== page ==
Characterization of the eg95 gene family in the G6 genotype of Echinococcus granulosus
Cystic echinococcosis in humans and livestock animals is caused by infection with the cestode parasite Echinococcus granulosus. A number of genotypes of the parasite (designated G1-G10) are known to exist, with the genotype cluster G1-G3 and genotype G6 being responsible for the majority of humans infections. A recombinant vaccine has been developed for use in livestock to prevent infection with E. granulosus. The vaccine is based on the antigen EG95 which is expressed in the early larval stage (oncosphere) of the parasite. The EG95 antigen was originally cloned from the G1 genotype of E. granulosus and the protein has been found to be encoded by members of a small family of related genes in this genotype. Reliable information has not been available about the likely efficacy of the EG95 vaccine against genotypes other than G1. In this study, genomic DNA cloning techniques were used to characterize seven eg95-related gene fragments from the G6 genotype of E. granulosus. Three proteins appear to be encoded by these genes. Considerable differences were found between the EG95 related proteins from the G6 genotype compared with the EG95 protein from the G1 genotype. These differences suggest that the EG95-related proteins from the G6 genotype may have different antigenic epitopes compared with the current vaccine antigen. Data presented in this study have implications for future vaccine design and provide the information that would enable a G6 genotype-specific vaccine to be developed against E. granulosus, should this be considered a desirable addition to the available tools for control of cystic echinococcosis transmission. (C) 2012 Published by Elsevier B.V.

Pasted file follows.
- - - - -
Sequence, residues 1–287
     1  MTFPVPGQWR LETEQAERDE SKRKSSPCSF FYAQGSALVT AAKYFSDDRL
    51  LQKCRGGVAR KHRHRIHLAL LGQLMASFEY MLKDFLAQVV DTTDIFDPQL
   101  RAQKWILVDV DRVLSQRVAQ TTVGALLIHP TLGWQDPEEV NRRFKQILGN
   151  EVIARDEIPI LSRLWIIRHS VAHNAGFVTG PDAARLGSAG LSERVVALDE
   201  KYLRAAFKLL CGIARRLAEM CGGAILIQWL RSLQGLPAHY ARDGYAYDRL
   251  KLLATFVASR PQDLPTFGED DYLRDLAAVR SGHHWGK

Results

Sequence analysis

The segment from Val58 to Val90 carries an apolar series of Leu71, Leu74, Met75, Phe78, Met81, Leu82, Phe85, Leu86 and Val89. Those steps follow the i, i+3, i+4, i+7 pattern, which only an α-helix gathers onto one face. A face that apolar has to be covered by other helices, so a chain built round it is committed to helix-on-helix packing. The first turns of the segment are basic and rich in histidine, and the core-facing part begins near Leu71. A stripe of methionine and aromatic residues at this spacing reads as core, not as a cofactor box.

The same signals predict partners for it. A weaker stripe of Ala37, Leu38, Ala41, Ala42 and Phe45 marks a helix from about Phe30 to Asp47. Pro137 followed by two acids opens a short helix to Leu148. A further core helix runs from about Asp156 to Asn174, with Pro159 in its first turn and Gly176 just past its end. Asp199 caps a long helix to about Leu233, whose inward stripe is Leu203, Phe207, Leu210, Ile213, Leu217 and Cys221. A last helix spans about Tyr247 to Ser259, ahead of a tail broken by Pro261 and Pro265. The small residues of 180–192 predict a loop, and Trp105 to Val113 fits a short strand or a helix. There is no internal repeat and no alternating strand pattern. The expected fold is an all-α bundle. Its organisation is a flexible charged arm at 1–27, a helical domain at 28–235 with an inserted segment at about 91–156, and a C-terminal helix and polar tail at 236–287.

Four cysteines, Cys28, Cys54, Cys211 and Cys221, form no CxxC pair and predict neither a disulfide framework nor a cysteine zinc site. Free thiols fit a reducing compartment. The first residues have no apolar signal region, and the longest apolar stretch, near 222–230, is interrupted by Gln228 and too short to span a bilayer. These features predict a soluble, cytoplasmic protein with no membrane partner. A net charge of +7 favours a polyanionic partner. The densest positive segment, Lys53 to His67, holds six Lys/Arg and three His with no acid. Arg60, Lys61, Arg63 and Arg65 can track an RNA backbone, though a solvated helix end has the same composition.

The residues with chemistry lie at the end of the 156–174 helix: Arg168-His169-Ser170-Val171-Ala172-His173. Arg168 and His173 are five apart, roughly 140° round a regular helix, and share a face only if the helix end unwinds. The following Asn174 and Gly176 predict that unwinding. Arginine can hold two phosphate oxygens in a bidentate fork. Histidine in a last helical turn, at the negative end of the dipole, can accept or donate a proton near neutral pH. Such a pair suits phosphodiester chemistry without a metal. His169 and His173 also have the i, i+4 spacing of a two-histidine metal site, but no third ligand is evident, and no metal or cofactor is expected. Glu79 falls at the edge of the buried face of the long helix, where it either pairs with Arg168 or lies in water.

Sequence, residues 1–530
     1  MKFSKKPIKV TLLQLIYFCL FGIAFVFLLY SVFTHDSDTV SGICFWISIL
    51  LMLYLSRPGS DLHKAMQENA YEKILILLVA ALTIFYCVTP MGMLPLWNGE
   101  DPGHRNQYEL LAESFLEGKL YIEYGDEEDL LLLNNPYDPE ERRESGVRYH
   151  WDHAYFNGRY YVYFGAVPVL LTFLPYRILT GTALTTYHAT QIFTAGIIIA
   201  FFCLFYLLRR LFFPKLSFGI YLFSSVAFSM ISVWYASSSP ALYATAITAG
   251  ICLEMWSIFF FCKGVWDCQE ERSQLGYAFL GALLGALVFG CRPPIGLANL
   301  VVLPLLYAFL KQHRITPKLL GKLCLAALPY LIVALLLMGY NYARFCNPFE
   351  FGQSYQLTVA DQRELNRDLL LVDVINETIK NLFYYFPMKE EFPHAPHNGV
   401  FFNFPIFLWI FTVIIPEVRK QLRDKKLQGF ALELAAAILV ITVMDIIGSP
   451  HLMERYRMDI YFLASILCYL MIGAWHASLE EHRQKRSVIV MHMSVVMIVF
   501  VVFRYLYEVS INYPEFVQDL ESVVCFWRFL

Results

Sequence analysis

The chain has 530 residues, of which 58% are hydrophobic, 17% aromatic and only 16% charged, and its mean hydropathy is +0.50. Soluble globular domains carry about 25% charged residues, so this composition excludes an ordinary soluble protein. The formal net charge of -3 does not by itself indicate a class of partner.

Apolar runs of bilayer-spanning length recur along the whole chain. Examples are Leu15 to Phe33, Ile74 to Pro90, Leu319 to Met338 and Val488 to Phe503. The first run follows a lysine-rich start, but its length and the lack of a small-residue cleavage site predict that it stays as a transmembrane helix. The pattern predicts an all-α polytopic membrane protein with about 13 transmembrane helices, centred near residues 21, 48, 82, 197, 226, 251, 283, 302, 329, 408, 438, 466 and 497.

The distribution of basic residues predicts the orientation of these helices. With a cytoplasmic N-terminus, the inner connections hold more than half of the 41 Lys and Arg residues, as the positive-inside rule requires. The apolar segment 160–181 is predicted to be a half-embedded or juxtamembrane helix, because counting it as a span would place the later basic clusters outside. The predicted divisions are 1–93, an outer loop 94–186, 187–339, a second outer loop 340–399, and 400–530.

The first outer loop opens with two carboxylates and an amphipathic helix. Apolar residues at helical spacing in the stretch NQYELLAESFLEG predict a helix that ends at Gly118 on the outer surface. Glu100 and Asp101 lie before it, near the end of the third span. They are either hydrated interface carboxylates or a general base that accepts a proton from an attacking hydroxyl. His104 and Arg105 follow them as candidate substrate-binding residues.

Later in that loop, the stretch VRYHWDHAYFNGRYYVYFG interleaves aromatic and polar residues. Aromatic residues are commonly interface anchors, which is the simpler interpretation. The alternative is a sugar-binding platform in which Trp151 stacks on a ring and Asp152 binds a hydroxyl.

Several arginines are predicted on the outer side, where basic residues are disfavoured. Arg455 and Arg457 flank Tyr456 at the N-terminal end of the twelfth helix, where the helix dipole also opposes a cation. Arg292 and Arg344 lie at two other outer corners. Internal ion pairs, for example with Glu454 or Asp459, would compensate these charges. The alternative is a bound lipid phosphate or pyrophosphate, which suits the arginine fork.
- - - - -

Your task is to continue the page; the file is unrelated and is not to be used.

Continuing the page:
|Título según WOS:||ID WOS:000303845400002 Not found in local WOS DB|
|Título de la Revista:||MOLECULAR AND BIOCHEMICAL PARASITOLOGY|
|Fecha de publicación:||2012|
|Página de inicio:||115|